Organizations* : AOA, NAWA
A traditional watercolorist of landscape and architectural subjects, James Kramer was born in Columbus, Ohio. Of his work, he says, “If in my painting, I can make other people feel it has just rained, or the sun is warm, if they can smell the air, then I know I’ve been able to complete what I set out to do.”
Kramer became interested in art at the age of five. He studied painting with Carl Gaertner and Frank Wilcox at the Cleveland, Ohio School of Art. However, his father preferred that he have a career in architecture rather than art, and so Kramer attended Western Reserve University and Ohio State University. He was a practicing architect in California for twenty years, painting on weekends and at night. In 1970, Kramer turned his full attention to his painting. “I am intrigued by history, tradition and the past. I don’t paint the past, however, but hope to preserve it by painting what I see around me.”
“All of my larger watercolors,” he explains, “are painted in the studio from sketches made in the field. I use color slides for further reference. In the studio, I begin with thumbnail sketches, then make an accurate line drawing for projection onto a preliminary study. Once ready, I project my study onto a full sheet of watercolor paper, wash the paper, and begin painting. I do what I want to do. The medium can produce things you don’t expect, but I want control.”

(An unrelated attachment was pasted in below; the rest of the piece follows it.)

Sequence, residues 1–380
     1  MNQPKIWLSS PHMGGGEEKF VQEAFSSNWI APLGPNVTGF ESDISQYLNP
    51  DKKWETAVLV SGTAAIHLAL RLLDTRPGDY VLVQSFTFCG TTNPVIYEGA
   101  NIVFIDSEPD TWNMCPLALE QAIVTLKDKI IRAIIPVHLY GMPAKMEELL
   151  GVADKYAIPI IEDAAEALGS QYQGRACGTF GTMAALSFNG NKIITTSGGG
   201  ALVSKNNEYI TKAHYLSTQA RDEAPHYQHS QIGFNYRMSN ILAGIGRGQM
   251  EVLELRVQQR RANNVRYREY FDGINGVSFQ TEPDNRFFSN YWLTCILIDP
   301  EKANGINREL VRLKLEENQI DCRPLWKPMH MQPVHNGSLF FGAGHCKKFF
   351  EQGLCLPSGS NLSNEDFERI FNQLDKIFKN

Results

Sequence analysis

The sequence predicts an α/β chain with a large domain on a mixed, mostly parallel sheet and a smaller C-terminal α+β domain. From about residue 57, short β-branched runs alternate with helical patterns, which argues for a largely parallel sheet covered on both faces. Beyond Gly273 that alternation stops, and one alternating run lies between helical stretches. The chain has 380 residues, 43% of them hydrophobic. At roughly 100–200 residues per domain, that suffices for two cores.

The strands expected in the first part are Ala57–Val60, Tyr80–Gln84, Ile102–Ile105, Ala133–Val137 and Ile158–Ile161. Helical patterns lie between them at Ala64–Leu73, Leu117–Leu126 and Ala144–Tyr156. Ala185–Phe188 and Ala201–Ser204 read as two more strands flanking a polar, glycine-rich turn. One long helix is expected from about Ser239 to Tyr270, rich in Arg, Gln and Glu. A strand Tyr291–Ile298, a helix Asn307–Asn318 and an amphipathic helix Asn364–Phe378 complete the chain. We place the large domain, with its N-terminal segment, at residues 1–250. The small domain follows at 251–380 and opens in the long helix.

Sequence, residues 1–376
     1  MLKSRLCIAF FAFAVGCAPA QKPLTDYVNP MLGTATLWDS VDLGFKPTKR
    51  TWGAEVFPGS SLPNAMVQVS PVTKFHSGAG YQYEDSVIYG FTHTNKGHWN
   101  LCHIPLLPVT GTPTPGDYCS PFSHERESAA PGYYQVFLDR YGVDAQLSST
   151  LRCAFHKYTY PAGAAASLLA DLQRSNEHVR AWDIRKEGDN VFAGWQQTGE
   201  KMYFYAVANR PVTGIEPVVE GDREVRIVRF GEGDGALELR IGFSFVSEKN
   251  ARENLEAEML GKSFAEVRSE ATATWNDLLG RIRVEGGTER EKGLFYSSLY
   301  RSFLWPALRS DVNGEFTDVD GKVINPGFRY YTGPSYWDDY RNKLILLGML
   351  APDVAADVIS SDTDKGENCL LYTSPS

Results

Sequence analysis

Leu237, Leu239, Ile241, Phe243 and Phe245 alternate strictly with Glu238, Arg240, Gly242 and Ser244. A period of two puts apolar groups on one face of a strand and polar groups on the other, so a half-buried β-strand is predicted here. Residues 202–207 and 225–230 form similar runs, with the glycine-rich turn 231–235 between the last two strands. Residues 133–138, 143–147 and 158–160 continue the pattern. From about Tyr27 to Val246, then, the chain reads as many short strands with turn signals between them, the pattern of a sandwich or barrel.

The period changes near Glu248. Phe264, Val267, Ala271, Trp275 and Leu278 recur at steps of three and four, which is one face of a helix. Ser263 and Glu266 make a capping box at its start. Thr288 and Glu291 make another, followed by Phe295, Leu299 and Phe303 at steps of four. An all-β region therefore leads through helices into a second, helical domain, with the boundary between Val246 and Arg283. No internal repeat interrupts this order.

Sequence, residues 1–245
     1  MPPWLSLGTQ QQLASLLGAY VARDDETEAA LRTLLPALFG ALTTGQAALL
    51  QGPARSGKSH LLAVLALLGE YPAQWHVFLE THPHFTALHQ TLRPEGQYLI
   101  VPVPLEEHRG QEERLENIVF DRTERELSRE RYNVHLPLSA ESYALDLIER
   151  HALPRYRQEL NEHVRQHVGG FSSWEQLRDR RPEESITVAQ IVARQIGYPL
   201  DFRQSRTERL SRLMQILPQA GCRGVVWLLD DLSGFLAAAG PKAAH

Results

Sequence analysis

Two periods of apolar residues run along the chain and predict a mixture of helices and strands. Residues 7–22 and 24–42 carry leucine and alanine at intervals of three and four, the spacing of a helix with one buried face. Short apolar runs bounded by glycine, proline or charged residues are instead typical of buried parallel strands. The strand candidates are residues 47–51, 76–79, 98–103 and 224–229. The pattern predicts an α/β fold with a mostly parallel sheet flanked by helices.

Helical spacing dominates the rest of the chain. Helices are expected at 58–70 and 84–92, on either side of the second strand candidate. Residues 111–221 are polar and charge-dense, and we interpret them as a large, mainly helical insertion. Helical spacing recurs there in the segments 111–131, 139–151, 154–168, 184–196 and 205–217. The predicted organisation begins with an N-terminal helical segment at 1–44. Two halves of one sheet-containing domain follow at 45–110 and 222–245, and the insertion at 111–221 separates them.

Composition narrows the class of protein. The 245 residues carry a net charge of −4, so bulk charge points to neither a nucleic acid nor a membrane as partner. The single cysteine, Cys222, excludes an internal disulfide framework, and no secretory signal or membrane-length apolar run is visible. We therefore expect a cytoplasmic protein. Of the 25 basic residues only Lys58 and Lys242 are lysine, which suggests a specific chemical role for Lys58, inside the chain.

Kramer is listed in Who’s Who in American Art and has been featured in magazines such as American Artist and Southwest Art. He is a member of the National Academy of Western Art, and exhibits in shows such as the Prix de West invitational. In 1991, Kramer received the Frederic Remington Award for Artistic Merit at the Prix de West.
Now living in Santa Fe, New Mexico, Kramer continues to paint. He calls Santa Fe “a community of representational painters. I felt at home from the beginning.”
Reference: Contemporary Western Artists by Peggy and Harold Samuels, Prix de West publication